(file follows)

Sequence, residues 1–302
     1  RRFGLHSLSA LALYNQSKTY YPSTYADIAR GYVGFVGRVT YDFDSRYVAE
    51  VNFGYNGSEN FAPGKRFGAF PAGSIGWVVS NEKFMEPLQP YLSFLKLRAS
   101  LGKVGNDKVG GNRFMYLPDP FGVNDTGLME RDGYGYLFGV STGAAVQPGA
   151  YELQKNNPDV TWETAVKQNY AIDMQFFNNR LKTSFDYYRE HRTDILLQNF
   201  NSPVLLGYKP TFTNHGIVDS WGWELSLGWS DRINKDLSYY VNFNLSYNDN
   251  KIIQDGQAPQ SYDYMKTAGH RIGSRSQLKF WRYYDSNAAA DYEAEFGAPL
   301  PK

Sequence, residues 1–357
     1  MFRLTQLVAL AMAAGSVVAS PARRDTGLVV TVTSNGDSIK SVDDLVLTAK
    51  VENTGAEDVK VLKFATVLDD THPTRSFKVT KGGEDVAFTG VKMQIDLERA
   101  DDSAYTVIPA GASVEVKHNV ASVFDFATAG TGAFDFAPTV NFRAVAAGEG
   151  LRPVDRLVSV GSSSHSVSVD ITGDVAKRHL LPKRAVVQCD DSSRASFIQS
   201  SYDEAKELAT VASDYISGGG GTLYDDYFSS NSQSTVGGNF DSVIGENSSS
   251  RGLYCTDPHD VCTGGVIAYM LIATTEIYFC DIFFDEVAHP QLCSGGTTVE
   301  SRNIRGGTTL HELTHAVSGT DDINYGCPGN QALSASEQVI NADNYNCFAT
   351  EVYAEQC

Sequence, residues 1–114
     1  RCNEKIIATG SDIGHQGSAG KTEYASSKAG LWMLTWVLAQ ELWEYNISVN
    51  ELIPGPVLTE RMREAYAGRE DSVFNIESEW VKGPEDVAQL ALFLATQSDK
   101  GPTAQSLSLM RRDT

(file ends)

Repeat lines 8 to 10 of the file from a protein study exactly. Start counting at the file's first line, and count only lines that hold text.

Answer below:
   301  PK

Sequence, residues 1–357
     1  MFRLTQLVAL AMAAGSVVAS PARRDTGLVV TVTSNGDSIK SVDDLVLTAK